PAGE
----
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Immovable property can be conveyed only through registered deed & not by delivery of possession; date of execution of such deed is relevant for taxation purposes: ITAT

2019-TIOL-1446-ITAT-MUM

IN THE INCOME TAX APPELLATE TRIBUNAL
BENCH ‘G’ MUMBAI

ITA No.5498/Mum/2018
Assessment Year: 2015-16

SUJAUDDIAN KASIMSAB SAYYED
A-5, 202, VAISHALI LOK NAGRI CHS LTD
MIDC ROAD, AMBERNATH (E)-421501
PAN NO: AXOPS1247C

Vs

INCOME TAX OFFICER-2(2)
2ND FLOOR, MOHAN PLAZA, WAYLE NAGAR
KHADAKPADA, KALYAN – 421301

Pawan Singh, JM & N K Pradhan, AM

Date of Hearing: March 15, 2019
Date of Decision: June 10, 2019

Appellant Rep by: Mr Neelkanth Khandelwal, AR
Respondent Rep by:
 Mr Chaudhary Arun Kumar Singh & Mr D G Pansari, DRs

Income Tax – Section 56(2)(vii)(b) – Transfer of property Act – Section 53A

Keywords – Date of execution of deed – Income from other sources – Registered deed – Stamp duty valuation

THE assessee had filed its return for the relevant AY. During the course of the assessment proceedings, the AO on perusal of the purchase deed filed by the assessee noticed that the Government value for stamp duty purpose of the immovable property was more than the actual value as per the deed. The AO issued SCN to the assessee and asked the assessee to explain why the difference of Rs 1 cr shall not be treated as income from other sources. Since the Government value of the property is more than consideration, the AO made an addition of Rs 1 crore u/s 56(2)(vii)(b). On appeal, the CIT(A) further observed that in any purchase or sale agreement deed of immovable property to be covered u/s 53A of the TPA, is required to be a registered instrument for enforcing civil law rights, therefore, in absence of registration, the transaction will not fall u/s 2(47)(v). The CIT(A) finally noted that the assessee has never doubted the valuation of stamp duty, as he has never sought for another valuation with DVO u/s 50C(2) in the assessment as well as in appellate proceedings. Therefore, the CIT(A) dismissed the appeal.

On appeal, the Tribunal held that,

Whether immovable property is conveyed only through a duly-registered deed & not by delivery of possession & whether it is the date of execution of the registered document which is relevant for taxation purposes – YES: ITAT

++ in the present case, the dispute is in respect of receipt of the immoveable property between ” Letter of Allotment” issued by HDIL and “Agreement for Sale’ between the assessee and HDIL. Immovable property is not conveyed by delivery of possession, but by a duly registered deed. Further, it is the date of execution of registered document, not the date of delivery of possession or the date of registration of document which is relevant. In the case of Alapati Venkataramiah v. CIT, CIT v. Podar Cements Pvt. Ltd. it was held that “….once the executed documents are registered, the transfer will take place on the date of execution of documents and not on the date of registration of documents….”;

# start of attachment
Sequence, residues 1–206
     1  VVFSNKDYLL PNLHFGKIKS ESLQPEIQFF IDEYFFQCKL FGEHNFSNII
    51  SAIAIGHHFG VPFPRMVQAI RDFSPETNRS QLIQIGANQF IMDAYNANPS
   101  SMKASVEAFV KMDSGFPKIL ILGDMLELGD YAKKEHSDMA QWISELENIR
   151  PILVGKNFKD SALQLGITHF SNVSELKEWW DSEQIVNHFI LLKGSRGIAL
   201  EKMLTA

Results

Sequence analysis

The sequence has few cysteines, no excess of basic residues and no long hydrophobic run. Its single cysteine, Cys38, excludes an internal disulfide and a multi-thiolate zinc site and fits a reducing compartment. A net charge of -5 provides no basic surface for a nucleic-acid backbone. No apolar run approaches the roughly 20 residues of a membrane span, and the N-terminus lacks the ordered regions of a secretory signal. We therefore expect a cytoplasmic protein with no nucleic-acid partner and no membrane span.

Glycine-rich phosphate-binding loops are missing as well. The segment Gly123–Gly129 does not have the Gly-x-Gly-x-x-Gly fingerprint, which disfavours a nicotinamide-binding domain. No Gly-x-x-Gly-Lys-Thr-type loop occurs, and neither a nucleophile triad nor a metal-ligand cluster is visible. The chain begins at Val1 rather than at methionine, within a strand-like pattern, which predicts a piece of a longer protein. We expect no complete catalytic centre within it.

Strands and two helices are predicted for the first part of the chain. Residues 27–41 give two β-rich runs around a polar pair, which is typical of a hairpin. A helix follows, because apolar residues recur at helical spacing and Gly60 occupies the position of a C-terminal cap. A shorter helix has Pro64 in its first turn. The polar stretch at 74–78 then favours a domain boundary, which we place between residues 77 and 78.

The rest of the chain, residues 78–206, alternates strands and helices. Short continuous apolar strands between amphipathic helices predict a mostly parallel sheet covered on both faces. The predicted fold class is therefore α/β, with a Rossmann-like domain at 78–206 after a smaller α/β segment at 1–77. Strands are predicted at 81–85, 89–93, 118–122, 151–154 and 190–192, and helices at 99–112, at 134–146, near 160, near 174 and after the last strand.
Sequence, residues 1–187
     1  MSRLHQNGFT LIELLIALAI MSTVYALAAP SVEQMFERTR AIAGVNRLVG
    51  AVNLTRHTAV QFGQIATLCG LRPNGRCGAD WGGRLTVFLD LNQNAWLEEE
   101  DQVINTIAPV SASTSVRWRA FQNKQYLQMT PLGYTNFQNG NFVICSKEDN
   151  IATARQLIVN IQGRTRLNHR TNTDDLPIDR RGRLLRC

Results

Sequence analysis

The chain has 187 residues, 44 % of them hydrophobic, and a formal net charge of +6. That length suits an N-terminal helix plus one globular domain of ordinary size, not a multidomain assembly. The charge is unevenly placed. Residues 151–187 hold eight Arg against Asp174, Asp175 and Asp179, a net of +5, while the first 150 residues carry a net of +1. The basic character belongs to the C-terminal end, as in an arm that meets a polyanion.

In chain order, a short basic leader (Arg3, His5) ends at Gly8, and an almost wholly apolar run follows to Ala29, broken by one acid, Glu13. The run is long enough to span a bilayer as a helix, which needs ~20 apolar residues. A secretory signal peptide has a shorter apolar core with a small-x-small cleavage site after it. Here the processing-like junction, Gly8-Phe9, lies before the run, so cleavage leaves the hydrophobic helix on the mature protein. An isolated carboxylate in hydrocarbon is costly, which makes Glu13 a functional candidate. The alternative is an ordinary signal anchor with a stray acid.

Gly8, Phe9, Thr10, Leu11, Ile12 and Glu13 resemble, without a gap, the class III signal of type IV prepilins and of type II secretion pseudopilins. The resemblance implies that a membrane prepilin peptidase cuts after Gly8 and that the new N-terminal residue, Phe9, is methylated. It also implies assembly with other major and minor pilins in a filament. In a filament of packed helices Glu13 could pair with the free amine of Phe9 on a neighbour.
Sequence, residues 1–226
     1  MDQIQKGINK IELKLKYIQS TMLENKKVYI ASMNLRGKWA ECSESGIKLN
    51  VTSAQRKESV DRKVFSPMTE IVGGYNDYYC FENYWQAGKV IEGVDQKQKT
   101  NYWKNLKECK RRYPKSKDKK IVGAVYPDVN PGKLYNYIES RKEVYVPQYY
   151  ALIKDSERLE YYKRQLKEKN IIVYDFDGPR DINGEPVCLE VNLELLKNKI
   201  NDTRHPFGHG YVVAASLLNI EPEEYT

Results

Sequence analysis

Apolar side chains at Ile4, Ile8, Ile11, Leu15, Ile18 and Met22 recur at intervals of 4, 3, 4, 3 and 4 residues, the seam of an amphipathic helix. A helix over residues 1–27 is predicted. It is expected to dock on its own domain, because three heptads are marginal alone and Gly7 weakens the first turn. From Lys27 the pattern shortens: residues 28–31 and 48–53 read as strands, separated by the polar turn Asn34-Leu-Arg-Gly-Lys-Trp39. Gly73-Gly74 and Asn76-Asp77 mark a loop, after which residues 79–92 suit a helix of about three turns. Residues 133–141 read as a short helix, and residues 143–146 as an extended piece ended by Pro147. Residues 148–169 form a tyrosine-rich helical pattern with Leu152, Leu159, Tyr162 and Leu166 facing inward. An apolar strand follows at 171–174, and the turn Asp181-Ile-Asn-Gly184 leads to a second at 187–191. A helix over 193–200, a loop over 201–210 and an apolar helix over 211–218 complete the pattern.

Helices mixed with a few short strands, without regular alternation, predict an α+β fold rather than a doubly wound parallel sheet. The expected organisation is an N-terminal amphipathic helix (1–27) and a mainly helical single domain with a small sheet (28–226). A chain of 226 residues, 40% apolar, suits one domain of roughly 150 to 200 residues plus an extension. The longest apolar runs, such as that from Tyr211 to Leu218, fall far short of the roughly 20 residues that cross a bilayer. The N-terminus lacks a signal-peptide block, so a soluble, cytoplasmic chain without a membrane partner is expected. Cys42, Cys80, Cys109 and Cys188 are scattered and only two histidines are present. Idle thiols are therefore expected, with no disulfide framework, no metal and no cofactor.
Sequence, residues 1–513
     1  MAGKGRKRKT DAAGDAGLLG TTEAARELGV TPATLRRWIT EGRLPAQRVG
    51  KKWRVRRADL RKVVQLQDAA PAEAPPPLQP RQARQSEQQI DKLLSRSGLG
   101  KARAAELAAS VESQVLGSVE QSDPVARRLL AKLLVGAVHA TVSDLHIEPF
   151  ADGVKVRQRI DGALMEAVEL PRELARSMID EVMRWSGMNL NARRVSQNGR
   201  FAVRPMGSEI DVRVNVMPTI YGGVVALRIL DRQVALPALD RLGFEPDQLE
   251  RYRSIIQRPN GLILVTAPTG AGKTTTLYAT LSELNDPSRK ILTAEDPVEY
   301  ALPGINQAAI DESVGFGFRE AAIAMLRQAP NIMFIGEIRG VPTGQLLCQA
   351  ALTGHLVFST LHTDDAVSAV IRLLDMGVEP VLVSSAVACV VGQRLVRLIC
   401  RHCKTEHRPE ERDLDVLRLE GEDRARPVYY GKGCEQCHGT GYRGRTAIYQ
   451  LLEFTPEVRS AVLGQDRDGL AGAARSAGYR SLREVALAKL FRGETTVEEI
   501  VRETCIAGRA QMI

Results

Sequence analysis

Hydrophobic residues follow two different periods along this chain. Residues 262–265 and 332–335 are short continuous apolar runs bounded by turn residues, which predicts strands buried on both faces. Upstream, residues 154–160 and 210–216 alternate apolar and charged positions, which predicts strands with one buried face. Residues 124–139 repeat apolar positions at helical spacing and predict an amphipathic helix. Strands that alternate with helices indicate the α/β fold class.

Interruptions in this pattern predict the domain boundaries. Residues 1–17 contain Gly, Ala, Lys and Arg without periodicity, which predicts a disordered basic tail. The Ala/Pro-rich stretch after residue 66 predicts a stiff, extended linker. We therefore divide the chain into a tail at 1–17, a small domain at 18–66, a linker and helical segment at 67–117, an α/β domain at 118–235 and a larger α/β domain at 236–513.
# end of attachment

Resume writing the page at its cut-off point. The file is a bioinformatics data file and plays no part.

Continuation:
++ section 56(2)(viii)(b)(ii) clearly stipulates that where any immoveable property is received for a consideration which is less than the stamp duty value of the property by an amount exceeding Rs.50,000/-, the stamp duty value of such property as exceeds such consideration, shall be chargeable to tax in the hands of the individual or HUF as income from other sources. It is applicable from A.Y. 2014-15. It is also seen in the case of National Cement Mines Industries Ltd. v. CIT, Justice J.C. Shah speaking for the Supreme Court emphasized the principles of interpretation to be adopted by the Court in construing a commercial transaction held “the true nature and character of the transaction have to be ascertained from the covenants of the contract in the light of the surrounding circumstances.” Therefore, in view of the factual matrix and position of law, this Tribunal uphold the order of the CIT(A).

Assessee’s appeal dismissed

Cases followed:

Alapati Venkataramiah v. CIT – 2002-TIOL-1530-SC-IT-LB

CIT v. Podar Cements Pvt. Ltd. – 2002-TIOL-445-SC-IT

National Cement Mines Industries Ltd. v. CIT – 2002-TIOL-969-SC-IT-LB

ORDER

Per: N K Pradhan:

This is an appeal filed by the assessee. The relevant assessment year is 2015-16. The appeal is directed against the order of the Commissioner of Income Tax (Appeals)-3, Thane [in short ‘CIT(A)’] and arises out of the assessment completed u/s 143(3) of the Income Tax Act 1961, (the ‘Act’).

2. The grounds of appeal filed by the assessee read as under:

1. The order dated 09.08.2018 bearing No. 10278-THN/2017-18 by the CIT(A)-3, Thane is arbitrary, against natural justice, unlawful, against the provisions of Income Tax Act, 1961, invalid and therefore liable to be quashed.

2. On the facts and circumstances of the case and in law, the Ld. CIT(A)-3 Thane has erred in confirming the addition of Rs.1,00,14,951/- made by the Assessing Officer u/s 56(2)(vii)(b) of the Income Tax Act, 1961 under the head ‘Income from Other Sources’.

3. Briefly stated, the facts of the case are that the Assessing Officer (AO) on perusal of the purchase deed dated 10.09.2014 filed by the assessee noticed that the Government value for stamp duty purpose of the immovable property was more than the actual value as per the deed. The AO issued a show cause notice dated 10.11.2017 to the assessee stating that as per the purchase deed dated 10.09.2014, the assessee had purchased flat No. 2901 on 29th Floor, C-Wing, in the building named as Metropolis, Andheri (West), Mumbai admeasuring area of 123.36 sq. mtrs (carpet area) for a consideration of Rs.88,30,008/- (excluding stamp duty and registration/other charges), whereas the Government value for stamp duty purpose is at Rs.1,88,44,959/-. Therefore, the AO asked the assessee to explain why the difference of Rs.1,00,14,951/- shall not be treated as income from other sources u/s 56(2)(vii)(b) of the Act.